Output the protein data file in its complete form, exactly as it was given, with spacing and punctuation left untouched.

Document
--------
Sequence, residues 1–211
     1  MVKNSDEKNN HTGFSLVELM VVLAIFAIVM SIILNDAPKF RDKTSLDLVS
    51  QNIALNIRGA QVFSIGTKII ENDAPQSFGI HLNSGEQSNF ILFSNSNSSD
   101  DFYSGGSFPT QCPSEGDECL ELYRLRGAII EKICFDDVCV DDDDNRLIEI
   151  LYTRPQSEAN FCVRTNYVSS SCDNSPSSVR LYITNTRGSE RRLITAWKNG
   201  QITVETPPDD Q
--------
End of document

Sequence, residues 1–211
     1  MVKNSDEKNN HTGFSLVELM VVLAIFAIVM SIILNDAPKF RDKTSLDLVS
    51  QNIALNIRGA QVFSIGTKII ENDAPQSFGI HLNSGEQSNF ILFSNSNSSD
   101  DFYSGGSFPT QCPSEGDECL ELYRLRGAII EKICFDDVCV DDDDNRLIEI
   151  LYTRPQSEAN FCVRTNYVSS SCDNSPSSVR LYITNTRGSE RRLITAWKNG
   201  QITVETPPDD Q